Ammeters, as well as voltmeters and ohmmeters, are designed with the use of a sensitive current detector such as a galvanometer. An ammeter is placed in series with a circuit element to measure the electric current flow through it. The meter must be designed offer very little resistance to the current so that it does not appreciably change the circuit it is measuring. To accomplish this, a small resistor is placed in parallel with the galvanometer to shunt most of the current around the galvanometer. Its value is chosen so that when the design current flows through the meter it will deflect to its full-scale reading. A galvanometer full-scale current is very small: on the order of milliamperes.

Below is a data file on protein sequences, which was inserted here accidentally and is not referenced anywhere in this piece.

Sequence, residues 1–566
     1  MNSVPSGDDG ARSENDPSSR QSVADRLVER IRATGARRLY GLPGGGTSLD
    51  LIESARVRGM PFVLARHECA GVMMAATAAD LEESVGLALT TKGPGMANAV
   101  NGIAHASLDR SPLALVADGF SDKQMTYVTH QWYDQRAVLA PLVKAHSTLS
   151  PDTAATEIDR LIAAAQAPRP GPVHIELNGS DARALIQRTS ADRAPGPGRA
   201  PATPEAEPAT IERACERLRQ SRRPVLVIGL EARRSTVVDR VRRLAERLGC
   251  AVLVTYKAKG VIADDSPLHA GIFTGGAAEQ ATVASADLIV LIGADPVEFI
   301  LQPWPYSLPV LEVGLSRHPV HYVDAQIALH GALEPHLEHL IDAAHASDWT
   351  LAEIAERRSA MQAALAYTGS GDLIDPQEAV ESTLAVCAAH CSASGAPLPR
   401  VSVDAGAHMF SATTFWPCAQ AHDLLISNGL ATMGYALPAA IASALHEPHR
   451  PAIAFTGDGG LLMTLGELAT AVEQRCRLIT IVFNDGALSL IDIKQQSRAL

Ammeters are non-mechanical, or digital, and use an analog to digital converter (ADC) to measure the voltage across the shunt resistor. The ADC is read by a microcomputer that performs the calculations to display the current through the resistor.
One problem with ammeters is the need for these meters to be inserted into the circuit and become part of it. Mistakenly placing ammeters in parallel with a circuit will blow the fuse, possibly damaging the ammeter and causing injury.
An ideal ammeter has zero resistance so that the the circuit in which it has been placed is not disturbed. An ideal ammeter is a short circuit. However, as with the voltmeter, no ammeter can ever be ideal, and therefore all ammeters have some ( hopefully) small internal resistance.